Featured Videos

Your JavaScript is turned off or you have an old version of Adobe's Flash Player. Get the latest Flash player.
Five Patients Given Experimental Ebola Drug Said to Be Improvingi
X
Carol Pearson
August 19, 2014 11:43 PM
The World Health Organization has approved the use of experimental treatments for Ebola patients in West Africa. The Ebola outbreak there is unprecedented, the disease deadly. The number of people who have died from Ebola has surpassed 1,200. VOA's Carol Pearson reports on the ethical considerations of allowing experimental drugs to be used.
Video

Video Five Patients Given Experimental Ebola Drug Said to Be Improving

The World Health Organization has approved the use of experimental treatments for Ebola patients in West Africa. The Ebola outbreak there is unprecedented, the disease deadly. The number of people who have died from Ebola has surpassed 1,200. VOA's Carol Pearson reports on the ethical considerations of allowing experimental drugs to be used.
Video

Video In Ukraine, Fear and Distrust Remain Where Fighting has Stopped

As the Ukrainian military reclaims control of eastern cities from pro-Russian separatists, residents are getting a chance to rebuild their lives. VOA's Gabe Joselow reports from the town of Kramatorsk in Donetsk province, where a sense of fear is still in the air, and distrust of the government in Kyiv still runs deep.
Video

Video China Targets Overseas Assets of Corrupt Officials

As China presses forward with its anti-graft effort, authorities are targeting corrupt officials who have sent family members and assets overseas. The efforts have stirred up a debate at home on exactly how many officials take that route and how likely it is they will be caught. Rebecca Valli has this report.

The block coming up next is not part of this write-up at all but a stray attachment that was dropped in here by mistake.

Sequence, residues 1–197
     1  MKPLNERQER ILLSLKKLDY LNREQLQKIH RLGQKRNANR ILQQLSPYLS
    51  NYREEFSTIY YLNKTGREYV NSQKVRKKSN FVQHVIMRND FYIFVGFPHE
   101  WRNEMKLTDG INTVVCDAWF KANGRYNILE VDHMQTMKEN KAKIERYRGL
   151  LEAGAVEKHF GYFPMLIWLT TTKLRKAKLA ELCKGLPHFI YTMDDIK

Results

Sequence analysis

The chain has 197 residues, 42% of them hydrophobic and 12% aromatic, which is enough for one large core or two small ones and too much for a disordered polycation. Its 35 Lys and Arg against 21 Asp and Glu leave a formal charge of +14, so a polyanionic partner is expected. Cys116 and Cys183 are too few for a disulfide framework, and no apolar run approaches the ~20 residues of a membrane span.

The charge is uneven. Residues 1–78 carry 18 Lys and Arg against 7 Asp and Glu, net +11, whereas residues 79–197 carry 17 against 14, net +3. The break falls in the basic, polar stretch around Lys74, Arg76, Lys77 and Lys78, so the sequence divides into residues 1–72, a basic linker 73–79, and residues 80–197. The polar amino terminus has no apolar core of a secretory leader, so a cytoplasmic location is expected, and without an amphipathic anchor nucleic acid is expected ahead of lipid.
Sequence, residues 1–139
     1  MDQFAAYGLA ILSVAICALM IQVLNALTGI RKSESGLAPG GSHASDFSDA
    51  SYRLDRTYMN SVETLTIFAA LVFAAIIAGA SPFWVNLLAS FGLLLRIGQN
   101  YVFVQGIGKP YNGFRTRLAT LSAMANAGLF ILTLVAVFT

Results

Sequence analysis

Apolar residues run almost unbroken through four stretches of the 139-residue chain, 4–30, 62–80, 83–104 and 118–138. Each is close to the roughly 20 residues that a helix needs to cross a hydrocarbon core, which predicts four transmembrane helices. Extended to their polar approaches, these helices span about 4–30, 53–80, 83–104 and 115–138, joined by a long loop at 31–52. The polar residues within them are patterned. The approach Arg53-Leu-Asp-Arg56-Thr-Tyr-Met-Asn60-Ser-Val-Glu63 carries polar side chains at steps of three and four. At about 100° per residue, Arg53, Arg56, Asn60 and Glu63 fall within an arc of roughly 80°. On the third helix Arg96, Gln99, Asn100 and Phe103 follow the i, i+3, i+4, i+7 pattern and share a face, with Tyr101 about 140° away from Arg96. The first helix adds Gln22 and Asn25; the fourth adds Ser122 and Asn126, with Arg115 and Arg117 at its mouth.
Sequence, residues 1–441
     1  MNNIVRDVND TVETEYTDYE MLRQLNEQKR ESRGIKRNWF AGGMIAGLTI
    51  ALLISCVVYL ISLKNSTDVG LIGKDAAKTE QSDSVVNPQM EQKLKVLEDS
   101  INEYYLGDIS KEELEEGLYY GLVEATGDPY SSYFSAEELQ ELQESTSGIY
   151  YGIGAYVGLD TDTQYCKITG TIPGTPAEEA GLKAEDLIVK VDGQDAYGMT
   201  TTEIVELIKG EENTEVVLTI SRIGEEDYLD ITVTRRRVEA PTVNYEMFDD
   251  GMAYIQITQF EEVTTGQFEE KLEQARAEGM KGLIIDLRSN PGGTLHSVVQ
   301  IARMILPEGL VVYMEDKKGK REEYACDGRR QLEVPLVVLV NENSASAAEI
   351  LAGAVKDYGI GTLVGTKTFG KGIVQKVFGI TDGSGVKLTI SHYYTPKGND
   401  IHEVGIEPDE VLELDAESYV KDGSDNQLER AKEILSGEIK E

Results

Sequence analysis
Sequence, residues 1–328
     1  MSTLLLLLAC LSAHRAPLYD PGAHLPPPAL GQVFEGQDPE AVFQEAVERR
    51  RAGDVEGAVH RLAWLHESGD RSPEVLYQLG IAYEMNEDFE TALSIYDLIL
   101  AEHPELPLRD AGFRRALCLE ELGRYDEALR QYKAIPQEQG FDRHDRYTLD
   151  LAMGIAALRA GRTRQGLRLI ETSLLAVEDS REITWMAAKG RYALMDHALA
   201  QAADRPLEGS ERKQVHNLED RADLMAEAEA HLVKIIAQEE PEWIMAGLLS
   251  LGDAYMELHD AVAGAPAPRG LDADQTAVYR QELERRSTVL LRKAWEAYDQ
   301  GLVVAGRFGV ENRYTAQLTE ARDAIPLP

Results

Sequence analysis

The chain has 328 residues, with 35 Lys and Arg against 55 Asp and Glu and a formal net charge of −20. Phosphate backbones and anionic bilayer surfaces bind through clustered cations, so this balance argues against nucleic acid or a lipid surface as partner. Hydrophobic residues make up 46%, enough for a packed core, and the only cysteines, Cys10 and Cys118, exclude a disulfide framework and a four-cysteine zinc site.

Video

Video Leading The Fight Against Islamic State, Kurds Question Iraqi Future

Western countries including the United States have begun arming the Kurdish Peshmerga forces in northern Iraq to aid their battle against extremist Sunni militants from the Islamic State. But there are concerns that a heavily-armed Kurdistan Regional Government, or KRG, might seek to declare independence and cause the break-up of the Iraqi state. As Henry Ridgwell reports from London, the KRG says it will only seek greater autonomy from Baghdad.
Video

Video In Rural Kenya, Pressure Builds Against Female Circumcision

In some Kenyan communities, female genital mutilation remains a rite of passage. But activists are pushing back, with education for girls and with threats of punishment those who perform the circumcision. Mohammed Yusuf looks at the practice in the rural eastern community of Tharaka-Nithi.
Video

Video For Obama, Racial Violence is Personal Issue

The racial violence in the St. Louis suburb of Ferguson is presenting U.S. President Barack Obama with an issue to which he has a deep personal connection. To many Americans, Obama's election as America's first black president marked a turning point in race relations in the United States, and Obama has made ending the violence a policy priority. On Monday he issued a new call for calm and understanding. Luis Ramirez reports from the White House.
Video

Video Clinton-Obama Relationship Could Impact 2016 Election

President Barack Obama and former Secretary of State Hillary Clinton have a long and complicated relationship. That relationship took another turn recently when Clinton criticized the president’s foreign policy. VOA National Correspondent Jim Malone reports there is renewed attention on the Clinton-Obama relationship as Hillary Clinton considers running for
Video

Video Iran Looks to Maintain Influence in Baghdad With New Shia PM

Washington and Tehran share the goal of stopping Syrian-based militants in Iraq. But experts say it's Iran, not the United States, that will most influence how the new government in Baghdad approaches internal reforms and the war in Syria. VOA State Department Correspondent Scott Stearns has the story.

AppleAndroid